Los Angeles has no shortage of stunning libraries. From Glendale’s strikingly Moorish Brand Library to the handsome wood-paneled Ella Strong Denison Library at Scripps College in Claremont to USC’s cathedral-like Hoose Library of Philosophy, the list seems to go on and on! But there is one gorgeous athenaeum that has somehow managed to fly largely under the radar. A true hidden gem, mention the Philosophical Research Society to most Angelinos and they likely won’t have any idea what you’re talking about. However, location managers have certainly managed to take note of the place over the years!
Located on a bustling Los Feliz corner about half a mile west of the 5 Freeway at 3910 Los Feliz Blvd., the metaphysical research facility was the brainchild of Manly Palmer Hall, a Canadian-born mystic, author, free thinker and purveyor of all things spiritual. His interest in ancient religions was piqued upon migrating to Los Angeles at the age of 18 in 1919 and befriending phrenologist Sydney Brownson who introduced him to Hinduism, Greek philosophy and mysticism. An avid reader and researcher with photographic recall, Hall, as the Los Angeles Times notes, “Furthered his studies of ancient religions and soon was speaking at the Church of the People downtown. By 1920, only 19 years old, he was running the church and delivering Sunday lectures about Rosicrucianism and Theosophy, the mystical philosophical system founded by Madame Helena Blavatsky, as well as the teachings of Pythagoras, Confucius and Plato.”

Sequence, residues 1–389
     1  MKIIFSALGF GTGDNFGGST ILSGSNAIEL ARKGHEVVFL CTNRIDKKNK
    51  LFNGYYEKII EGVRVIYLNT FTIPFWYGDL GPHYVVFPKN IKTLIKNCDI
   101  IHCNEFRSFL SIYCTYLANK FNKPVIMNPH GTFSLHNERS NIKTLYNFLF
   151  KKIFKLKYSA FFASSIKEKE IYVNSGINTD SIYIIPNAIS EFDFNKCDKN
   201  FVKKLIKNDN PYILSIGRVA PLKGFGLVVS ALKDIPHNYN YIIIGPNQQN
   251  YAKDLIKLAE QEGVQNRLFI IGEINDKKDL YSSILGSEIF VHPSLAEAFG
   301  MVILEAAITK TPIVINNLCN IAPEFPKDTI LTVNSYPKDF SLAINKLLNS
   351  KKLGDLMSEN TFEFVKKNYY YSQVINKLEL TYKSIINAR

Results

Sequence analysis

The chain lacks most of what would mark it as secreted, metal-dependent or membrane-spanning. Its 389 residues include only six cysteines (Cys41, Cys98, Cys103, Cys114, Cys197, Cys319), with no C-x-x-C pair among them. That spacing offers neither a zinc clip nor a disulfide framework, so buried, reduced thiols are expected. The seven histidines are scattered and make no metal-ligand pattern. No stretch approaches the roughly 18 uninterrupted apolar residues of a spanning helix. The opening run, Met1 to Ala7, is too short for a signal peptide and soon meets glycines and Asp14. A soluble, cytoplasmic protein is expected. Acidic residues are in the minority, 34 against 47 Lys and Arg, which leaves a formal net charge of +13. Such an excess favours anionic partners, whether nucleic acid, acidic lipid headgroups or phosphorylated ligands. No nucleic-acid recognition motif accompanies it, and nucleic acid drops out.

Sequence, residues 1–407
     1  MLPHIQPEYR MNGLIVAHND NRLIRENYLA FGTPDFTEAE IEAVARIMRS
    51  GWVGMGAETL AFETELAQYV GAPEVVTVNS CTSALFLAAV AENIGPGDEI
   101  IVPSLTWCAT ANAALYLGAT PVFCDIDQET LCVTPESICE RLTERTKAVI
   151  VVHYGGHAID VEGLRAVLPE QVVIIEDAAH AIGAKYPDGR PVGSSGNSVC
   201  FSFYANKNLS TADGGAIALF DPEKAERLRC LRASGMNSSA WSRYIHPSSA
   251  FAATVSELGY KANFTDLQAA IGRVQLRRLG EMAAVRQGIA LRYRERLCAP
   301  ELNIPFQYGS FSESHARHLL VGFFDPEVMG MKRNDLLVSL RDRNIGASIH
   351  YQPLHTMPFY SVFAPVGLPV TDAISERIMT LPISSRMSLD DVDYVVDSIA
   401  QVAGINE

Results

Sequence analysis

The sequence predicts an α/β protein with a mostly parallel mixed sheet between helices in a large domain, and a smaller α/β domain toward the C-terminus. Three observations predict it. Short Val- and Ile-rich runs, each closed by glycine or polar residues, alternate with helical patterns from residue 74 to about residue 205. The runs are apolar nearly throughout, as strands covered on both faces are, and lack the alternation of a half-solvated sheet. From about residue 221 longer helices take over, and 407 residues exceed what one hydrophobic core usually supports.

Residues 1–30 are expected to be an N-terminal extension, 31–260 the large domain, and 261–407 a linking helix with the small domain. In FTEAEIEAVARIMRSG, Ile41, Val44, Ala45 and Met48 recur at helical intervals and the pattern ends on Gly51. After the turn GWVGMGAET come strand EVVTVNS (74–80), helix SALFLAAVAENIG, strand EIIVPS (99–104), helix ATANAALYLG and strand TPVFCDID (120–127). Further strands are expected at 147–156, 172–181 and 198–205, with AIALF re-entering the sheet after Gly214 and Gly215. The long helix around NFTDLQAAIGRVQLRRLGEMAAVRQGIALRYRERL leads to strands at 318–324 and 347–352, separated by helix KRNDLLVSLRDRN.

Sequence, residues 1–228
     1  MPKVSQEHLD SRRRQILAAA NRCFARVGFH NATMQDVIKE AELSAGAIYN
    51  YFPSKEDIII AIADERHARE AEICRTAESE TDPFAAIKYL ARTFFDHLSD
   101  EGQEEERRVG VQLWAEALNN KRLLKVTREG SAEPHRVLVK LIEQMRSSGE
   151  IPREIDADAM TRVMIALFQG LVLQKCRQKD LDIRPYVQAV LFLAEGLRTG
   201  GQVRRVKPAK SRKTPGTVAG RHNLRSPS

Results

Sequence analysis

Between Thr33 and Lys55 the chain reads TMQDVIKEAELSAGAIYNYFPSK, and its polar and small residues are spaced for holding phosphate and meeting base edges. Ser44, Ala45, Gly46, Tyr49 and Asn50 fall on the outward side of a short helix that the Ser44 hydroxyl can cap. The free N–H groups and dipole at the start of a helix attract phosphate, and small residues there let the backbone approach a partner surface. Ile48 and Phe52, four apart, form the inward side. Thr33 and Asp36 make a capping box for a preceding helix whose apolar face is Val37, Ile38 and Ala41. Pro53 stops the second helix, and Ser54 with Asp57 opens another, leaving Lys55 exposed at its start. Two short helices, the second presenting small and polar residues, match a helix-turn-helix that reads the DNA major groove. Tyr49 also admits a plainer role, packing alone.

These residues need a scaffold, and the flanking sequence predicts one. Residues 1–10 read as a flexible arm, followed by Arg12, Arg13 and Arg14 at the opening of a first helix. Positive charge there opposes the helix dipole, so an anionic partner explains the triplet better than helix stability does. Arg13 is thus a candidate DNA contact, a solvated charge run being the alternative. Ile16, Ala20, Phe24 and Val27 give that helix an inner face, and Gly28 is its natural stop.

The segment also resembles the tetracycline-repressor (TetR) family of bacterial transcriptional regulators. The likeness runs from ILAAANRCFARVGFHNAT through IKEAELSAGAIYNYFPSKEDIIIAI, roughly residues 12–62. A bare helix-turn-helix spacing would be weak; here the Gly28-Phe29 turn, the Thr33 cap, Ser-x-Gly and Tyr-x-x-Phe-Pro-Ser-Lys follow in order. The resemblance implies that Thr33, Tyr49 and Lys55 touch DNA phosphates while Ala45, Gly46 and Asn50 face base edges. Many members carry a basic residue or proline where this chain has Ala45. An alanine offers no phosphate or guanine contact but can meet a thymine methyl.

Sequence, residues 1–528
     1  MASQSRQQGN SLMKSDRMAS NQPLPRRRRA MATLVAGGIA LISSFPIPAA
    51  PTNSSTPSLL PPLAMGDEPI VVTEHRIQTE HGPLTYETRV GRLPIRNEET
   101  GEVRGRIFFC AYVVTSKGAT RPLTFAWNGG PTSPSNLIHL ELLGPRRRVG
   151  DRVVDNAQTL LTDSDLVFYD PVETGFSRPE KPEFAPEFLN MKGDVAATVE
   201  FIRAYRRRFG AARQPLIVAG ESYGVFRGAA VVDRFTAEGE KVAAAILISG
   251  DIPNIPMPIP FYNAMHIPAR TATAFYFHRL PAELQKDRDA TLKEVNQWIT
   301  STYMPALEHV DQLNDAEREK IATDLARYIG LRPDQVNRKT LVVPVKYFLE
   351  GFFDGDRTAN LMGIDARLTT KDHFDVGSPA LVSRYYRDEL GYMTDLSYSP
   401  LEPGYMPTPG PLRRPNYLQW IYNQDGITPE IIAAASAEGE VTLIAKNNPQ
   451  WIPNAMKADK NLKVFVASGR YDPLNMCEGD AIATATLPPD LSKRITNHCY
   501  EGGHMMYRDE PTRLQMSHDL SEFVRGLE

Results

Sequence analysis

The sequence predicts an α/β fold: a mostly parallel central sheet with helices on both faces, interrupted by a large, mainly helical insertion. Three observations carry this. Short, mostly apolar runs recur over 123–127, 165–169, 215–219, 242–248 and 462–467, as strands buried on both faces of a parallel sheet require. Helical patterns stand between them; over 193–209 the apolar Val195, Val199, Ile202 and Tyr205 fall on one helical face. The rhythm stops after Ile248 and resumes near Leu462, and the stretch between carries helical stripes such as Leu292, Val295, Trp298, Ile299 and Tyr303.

Manly eventually became an author himself, publishing an incredible 200 books throughout his lifetime, including “An Encyclopedic Outline of Masonic, Hermetic, Qabbalistic and Rosicrucian Symbolical Philosophy,” aka “The Secret Teachings of All Ages,” a 1928 tome that L.A. Weekly deemed “the definitive guide to spiritual thinking.”
He, of course, also acquired legions of followers along the way, including such luminaries as John Denver and Bela Lugosi, and raked up scores of accolades. The Times reported, “For his writings alone he was made an honorary 33rd-degree Freemason (the highest honor), and even Elvis was a fan, sending Priscilla Presley to one of the world-renowned orator’s lectures because he was afraid of getting mobbed himself.”
Though considered an icon, Hall did not seek adulation, unlike so many spiritual gurus both past and present. In a 1942 essay, he instead cautioned against such idolatry, writing, “All followers who offer to adorn and deify their teachers set up a false condition. Human beings, experience has proved, make better humans than they do gods.”